Fifty per cent of middle-aged would run out of money in six months if they stopped working

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New research by Alliance Trust Savings finds almost half (45 per cent) of middle-aged people who currently have an above average income would run out of money within six months of losing their main income. This rises to two thirds (67 per cent) of those with £499 or less available to spend each month, highlighting the fragility of mid-life finances.

The nationwide survey of 1,000 45 to 55-year olds with either individual incomes of £35,000 or more a year or household income of at least £60,000 and some level of household savings, was carried out to shed more light on the challenges faced by people in their mid-life years. It revealed that large numbers would struggle to survive on their savings and investments for much more than three months in the event of losing their main source of income.

Across the nation, 45 per cent would survive no longer than six months on their savings and investments in the event of losing their main income, and the figure rises to 67 per cent for those who have a monthly disposable income of £499 or less to spend each month. Even those with more than £1,000 disposable income per month would struggle to stay afloat long term if they lost their main income, with over a third (35 per cent) saying they would get into financial difficulty after six months.

The survey also asked whether respondents had a retirement plan in place and how they were most likely to fund retirement:

  • Although one in three people have clear goals for how and when they’ll retire and financial plans in place, 13 per cent said they don’t know how or when they’ll be able to afford to stop working and retire.
  • Almost two thirds of people are relying on the state pension as part of their retirement planning, including 67 per cent of those with disposable income of £750 to £1,499 a month.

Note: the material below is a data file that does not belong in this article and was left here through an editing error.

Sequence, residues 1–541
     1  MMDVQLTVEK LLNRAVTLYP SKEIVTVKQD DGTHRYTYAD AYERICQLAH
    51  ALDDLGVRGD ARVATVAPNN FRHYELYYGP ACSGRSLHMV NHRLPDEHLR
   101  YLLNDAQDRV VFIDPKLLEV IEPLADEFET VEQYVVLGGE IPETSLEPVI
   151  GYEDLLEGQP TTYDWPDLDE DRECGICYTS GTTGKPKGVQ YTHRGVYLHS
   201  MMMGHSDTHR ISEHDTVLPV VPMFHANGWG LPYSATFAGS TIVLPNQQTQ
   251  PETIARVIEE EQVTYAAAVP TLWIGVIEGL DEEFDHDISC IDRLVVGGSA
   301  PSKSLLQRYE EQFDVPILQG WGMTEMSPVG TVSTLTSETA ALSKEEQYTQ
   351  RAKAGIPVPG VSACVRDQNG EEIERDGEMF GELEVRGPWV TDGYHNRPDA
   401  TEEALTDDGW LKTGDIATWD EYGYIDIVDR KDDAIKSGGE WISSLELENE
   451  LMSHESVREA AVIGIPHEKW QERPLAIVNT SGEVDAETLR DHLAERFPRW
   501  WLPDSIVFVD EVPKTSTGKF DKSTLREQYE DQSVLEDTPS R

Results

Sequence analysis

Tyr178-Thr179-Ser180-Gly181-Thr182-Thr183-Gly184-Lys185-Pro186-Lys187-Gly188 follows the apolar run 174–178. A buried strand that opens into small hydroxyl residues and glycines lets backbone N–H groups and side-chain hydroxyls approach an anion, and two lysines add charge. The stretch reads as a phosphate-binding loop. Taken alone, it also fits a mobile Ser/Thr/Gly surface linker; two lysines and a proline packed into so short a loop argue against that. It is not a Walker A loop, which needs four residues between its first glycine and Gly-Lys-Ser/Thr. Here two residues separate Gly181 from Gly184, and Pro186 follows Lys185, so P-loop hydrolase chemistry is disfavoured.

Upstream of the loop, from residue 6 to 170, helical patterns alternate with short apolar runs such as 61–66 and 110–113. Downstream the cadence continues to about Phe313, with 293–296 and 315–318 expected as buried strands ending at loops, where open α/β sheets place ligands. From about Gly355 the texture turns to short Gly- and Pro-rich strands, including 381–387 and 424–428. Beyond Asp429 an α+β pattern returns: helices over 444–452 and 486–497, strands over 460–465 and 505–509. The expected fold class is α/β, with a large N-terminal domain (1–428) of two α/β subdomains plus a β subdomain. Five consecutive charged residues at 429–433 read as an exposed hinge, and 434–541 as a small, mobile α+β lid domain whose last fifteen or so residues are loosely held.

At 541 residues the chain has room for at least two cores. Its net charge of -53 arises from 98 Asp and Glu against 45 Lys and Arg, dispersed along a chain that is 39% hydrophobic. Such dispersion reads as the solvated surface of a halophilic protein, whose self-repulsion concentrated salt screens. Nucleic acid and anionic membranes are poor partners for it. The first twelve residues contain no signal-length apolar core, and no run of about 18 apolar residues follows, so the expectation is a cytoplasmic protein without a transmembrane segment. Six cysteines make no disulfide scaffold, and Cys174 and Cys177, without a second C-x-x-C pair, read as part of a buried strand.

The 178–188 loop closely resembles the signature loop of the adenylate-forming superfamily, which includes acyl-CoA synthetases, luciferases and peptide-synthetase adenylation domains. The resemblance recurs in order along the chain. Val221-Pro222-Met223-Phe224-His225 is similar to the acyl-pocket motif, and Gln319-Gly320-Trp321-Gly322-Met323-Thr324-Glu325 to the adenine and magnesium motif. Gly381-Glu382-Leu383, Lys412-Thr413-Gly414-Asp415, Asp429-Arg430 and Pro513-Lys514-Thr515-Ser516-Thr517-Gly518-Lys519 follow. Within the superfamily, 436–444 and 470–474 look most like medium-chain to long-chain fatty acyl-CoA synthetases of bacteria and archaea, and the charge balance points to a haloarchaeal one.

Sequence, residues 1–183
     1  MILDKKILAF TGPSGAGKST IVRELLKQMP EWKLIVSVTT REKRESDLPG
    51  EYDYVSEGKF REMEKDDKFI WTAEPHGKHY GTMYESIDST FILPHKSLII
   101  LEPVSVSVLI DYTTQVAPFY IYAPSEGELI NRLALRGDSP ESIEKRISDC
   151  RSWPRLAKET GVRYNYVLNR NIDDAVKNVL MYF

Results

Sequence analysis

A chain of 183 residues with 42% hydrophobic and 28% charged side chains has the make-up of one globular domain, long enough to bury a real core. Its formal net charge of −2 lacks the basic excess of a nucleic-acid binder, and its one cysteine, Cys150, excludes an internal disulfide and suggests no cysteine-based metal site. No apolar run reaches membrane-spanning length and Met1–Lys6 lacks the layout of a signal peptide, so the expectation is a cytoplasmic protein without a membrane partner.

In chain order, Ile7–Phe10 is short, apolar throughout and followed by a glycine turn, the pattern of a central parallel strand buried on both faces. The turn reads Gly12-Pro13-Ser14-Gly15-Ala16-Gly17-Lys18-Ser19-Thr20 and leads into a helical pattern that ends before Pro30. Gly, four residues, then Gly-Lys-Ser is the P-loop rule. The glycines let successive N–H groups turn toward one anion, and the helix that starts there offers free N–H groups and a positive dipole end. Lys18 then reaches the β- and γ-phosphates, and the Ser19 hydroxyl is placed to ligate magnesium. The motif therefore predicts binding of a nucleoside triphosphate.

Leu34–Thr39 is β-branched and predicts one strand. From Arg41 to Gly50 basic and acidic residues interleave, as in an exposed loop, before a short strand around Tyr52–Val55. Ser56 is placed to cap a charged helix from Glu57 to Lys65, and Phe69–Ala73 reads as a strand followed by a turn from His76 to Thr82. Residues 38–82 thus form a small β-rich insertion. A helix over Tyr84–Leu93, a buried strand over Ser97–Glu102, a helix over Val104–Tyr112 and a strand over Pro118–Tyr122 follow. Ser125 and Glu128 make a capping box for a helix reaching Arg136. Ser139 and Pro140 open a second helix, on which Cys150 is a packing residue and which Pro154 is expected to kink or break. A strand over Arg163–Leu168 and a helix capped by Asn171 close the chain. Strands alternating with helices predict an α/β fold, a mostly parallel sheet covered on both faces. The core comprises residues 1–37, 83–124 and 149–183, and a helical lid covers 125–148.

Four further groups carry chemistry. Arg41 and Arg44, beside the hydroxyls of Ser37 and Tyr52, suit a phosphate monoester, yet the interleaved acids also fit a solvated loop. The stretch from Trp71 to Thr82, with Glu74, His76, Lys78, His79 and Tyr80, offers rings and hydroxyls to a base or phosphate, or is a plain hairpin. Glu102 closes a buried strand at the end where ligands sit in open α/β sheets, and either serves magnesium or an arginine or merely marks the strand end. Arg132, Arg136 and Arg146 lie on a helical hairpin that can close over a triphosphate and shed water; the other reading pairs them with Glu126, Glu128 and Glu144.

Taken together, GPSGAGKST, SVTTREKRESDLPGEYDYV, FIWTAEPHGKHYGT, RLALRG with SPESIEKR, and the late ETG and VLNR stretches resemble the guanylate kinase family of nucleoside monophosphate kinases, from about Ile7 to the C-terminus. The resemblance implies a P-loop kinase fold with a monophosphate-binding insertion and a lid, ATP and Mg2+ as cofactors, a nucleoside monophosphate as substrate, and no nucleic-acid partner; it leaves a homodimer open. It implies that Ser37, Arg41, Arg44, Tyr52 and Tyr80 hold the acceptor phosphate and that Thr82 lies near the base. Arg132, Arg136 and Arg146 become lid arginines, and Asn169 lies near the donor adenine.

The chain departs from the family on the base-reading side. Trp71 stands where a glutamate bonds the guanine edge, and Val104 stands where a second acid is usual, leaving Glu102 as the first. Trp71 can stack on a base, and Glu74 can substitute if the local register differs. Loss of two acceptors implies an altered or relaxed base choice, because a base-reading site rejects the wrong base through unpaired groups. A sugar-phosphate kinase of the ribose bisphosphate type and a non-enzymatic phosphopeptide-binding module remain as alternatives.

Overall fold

• A third (33 per cent) of people with two children expect to work past their state pension age to compensate for saving too little for retirement, compared to a quarter (26 per cent) of all respondents.
  • A quarter (23 per cent) of separated or divorced respondents to say they don’t know how or when they’ll be able to afford to stop working and retire, compared to 13 per cent of all respondents.
  • People in the highest disposable income brackets are most likely to fund their retirement with rental income from a property they own.
  • Respondents with the least disposable income are the most likely to work into retirement, with private pensions, savings and investments more prominent as disposable income increases.

Sara Wilson, Head of Platform Proposition at Alliance Trust Savings, said: “With much of the recent focus on younger generations and those in or at retirement, it can be easy to overlook the scale of the financial challenges facing people in their mid-life years. While the late 40s and early 50s can be seen as a time of stability and security, for many it is anything but.

“From ill health and insecure employment to the demands of children and the effects of separation or divorce, those in their middle years can be vulnerable to a range of financial difficulties and potential shocks.

“Our research shows that in the mid-life years, managing current financial demands while saving for later in life can often be a tall order. Putting plans in place, keeping a close eye on them and seeking professional advice where necessary is essential in enabling people to get the best out of their finances and take the stress out of the mid-life years.”

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